Farmed Animal Watch: Objective Information for the Thinking Advocate
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NOVEMBER 30 , 2007 -- Number 33, Volume 7


The results of a farmed animal welfare survey commissioned by the American Farm Bureau Federation were recently released. Conducted last summer by Oklahoma State University’s department of agricultural economics, the nationwide telephone survey consisted of 48 questions put to some 1,000 consumers. Respondents rated the importance of farm animal welfare last in comparison to poverty, health care, food safety, the environment, the financial well-being of U.S. farmers, and food prices. However, 95% said it was important to them that animals on farms are well cared for (81% agreed that farmed animals have roughly the same ability to feel pain and discomfort as humans), and 76% disagreed that low meat prices are more important than the well-being of these animals. While the majority believed their personal food choices have a large impact on farmed animal well-being, 68% responded that government should take an active role in promoting farm animal welfare and 75% said they would vote for a law in their state requiring farmers to treat animals better. When asked if keeping chickens in cages or pregnant pigs in crates is humane, 55% and 64% respectively disagreed that it is. The full report can be accessed at:

"It was a little surprising the extent to which the issue of humane treatment of animals is ingrained and widespread in our society," Don Lipton, director of public relations for the Farm Bureau, told Meat & Poultry (see: ), "There’s a lot of interest in this." In another industry publication, the researchers remarked: One [“innovative”] question attempted to measure the value of farm animals relative to a human. If a technology were developed that could either eliminate the suffering of one human or more than 11,500 farm animals, most respondents said it should reduce the suffering of the farm animals. Conversely, if the technology could address the suffering of one human or fewer than 11,500 farm animals, most respondents chose to reduce the suffering of the one human. What does this imply? Simply that for the average American, the suffering of one human is equivalent to the suffering of 11,500 farm animals.

Feedstuffs Foodlink; Bailey Norwood, Jayson Lusk and Robert Prickett; Oct. 8, 2007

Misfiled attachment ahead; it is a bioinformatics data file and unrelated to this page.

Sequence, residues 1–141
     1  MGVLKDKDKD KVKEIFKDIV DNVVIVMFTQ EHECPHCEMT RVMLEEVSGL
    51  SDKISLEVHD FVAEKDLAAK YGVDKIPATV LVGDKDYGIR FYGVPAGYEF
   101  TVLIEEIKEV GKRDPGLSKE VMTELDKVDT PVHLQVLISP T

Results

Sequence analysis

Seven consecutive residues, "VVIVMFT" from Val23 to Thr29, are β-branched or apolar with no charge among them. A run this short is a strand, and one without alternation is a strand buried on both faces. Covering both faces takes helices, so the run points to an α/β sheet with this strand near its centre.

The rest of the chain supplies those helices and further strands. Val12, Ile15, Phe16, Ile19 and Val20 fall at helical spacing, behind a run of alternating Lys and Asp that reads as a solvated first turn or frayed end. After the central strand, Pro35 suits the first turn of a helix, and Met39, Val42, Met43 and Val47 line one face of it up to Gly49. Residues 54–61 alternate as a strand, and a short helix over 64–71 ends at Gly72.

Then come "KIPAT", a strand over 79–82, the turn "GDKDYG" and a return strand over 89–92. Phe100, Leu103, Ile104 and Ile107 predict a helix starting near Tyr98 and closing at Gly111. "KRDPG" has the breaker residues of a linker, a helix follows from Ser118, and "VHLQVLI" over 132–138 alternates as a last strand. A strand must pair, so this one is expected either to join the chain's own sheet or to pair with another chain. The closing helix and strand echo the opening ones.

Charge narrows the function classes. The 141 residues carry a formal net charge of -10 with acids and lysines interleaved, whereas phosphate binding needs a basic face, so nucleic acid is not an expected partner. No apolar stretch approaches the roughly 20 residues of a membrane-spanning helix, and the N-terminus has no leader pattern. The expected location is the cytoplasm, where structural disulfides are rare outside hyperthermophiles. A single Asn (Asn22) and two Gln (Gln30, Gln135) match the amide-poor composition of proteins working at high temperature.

Most consumers are profound hypocrites," said Wes Jamison, "They want to have their meat and take it to the vet, too." Jamison, a University of Florida public relations researcher and professor, was referring to the inconsistent ways in which consumers consider animals (see: ). His presentation, entitled "Public Relations Strategies for Dealing with the Animal Welfare Issue," was delivered to an estimated 200 people gathered this week for the Michigan Farm Bureau convention. He offered a single strategy: that farmers "come up with a moral basis of why what you do is the right thing to do, in the right way." Jamison attributed the growing clash between animal agriculture and animal advocacy to urbanization, anthropomorphism, the theory of evolution and equal rights. Using class trips as an example, he noted that children may visit farms but not slaughterplants. “Why?” he said: “Because we intuitively know society has changed, and we try to hide what we do from society.” Jamison advised presenting the actuality of the industry in a proud and matter-of-fact way: “We need to say 'You know what? It takes the death of something for you to live, and we are unashamed.’”

Also this week, Steve Kopperud told attendees at the Arkansas Farm Bureau convention that farmers and ranchers need to directly confront animal-welfare activists. Kopperud, an executive with the lobbying firm Policy Directions, is also affiliated with other organizations that promote animal agriculture entities. He urged that different species production groups unite: “If it walks, bleats, clucks, we kill it and we eat it, it has to be part of the alliance.” Wayne Pacelle, president and CEO of The Humane Society of the U.S. (HSUS) is the “greatest threat” to animal agriculture, according to Kopperud. Pacelle disagrees, explaining: “To us it’s not about animal rights, it’s about human responsibility. These animals are killed for human consumption, and the least we can do is give them a decent life and not subject them to torment and privation that causes them enormous distress.” In particular, he said HSUS is concerned about the use of battery cages, pig gestation crates, and the crates used to house calves raised for veal. Pacelle mentioned that HSUS has also filed suit to have poultry covered by the Humane Methods of Slaughter Act. Kopperud counters that their exclusion from it is sound. “We are critical to everybody’s quality of life, and we have no record of abuse or neglect that is sufficient to warrant federal intervention in what we do and how well we do it,” he said.